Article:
Thursday, February 15, 2001
Forget the fly on the wall drama of The Hotel or The Airport, forget the social engineering of Castaway 2000, forget even the claustrophobic hype of Big Brother. You want reality TV? Survivor 2 is the real deal.
Two teams of gung-ho Americans are abandoned in the Australian outback with little more than the clothes they stand up in. As well as building shelters, trying to make fire and avoiding the scary bugs, the teams compete against each other for possession of the Immunity Idol. It sounds pants, but lose immunity and you have to vote off one of your own team.
Every three days, someone has to go, and at the halfway stage in the series, the two teams will combine, and the competitions become individual struggles for immunity. The denouement is perfect, since when the last two survivors remain, the final winner is determined by the previous half dozen folks voted off.
You might get muddy and hungry and more than a little uncomfortable in the outback, but the real challenge is to survive the machiavellian intrigue and chicanery of your fellow competitors. Too nice and you’ll not form the alliances necessary to get you into the last stages, but too nasty and no way are those people you shafted going to vote for you to get the million dollar prize in the end.
The original Survivor took the US by storm last summer, and TG4 are running the current series twice a week, while in the US, NBC has supersized Friends to 45 minutes an episode to try and compete with the show there.
No chance. The makings of another great series are there. Conflict is crucial of course, and the contestants have been carefully chosen to rub each other up the wrong way. But given the voting structure, everyone has to appear to be friendly (you never know when you’re going to need that support), while at the same time eliminating the competition.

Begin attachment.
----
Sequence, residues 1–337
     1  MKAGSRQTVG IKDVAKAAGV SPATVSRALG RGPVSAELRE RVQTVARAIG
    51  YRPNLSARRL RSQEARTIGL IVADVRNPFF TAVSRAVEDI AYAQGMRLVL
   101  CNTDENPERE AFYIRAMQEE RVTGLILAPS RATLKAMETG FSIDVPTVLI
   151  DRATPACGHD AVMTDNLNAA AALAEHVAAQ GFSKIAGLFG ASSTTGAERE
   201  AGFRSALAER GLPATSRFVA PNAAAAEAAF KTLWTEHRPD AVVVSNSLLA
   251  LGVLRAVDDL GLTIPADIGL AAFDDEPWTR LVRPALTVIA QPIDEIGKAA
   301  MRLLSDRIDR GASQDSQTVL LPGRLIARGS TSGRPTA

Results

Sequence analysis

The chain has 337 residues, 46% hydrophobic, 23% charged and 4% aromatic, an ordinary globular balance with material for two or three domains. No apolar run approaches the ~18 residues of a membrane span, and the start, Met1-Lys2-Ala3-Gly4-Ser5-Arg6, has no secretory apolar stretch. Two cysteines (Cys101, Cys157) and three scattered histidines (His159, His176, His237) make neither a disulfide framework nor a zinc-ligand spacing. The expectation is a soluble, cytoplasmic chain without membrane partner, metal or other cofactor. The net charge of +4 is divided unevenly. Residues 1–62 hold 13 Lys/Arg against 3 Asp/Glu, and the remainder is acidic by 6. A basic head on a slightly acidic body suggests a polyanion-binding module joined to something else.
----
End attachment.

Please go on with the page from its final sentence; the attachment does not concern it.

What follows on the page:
The challenges are also designed to test individual abilities and the cohesion of the group. On Wednesday’s episode we saw Rodger, the mild-mannered Kentucky farmer, jump off a cliff into a lake, then wrestle with a huge crate as it and he went careering through the rapids. All the other survivors did that too, but Rodger can’t swim.
And then Kimmi the vegetarian New York bartender was forced to try to eat cow’s brain (CJD, how are you?) to win immunity for her team. She failed, but then got the chance to redeem herself in a sudden death eat off of foot-long worms. I didn’t see that on Big Brother.
So we’ve got intrigue, conflict and triumph over adversity, all carefully managed to heighten our viewing pleasure. Throw in sex – most of the competitors are beautiful bronzed people in their 20s sitting around in their swimming togs – and it’s a winning combination.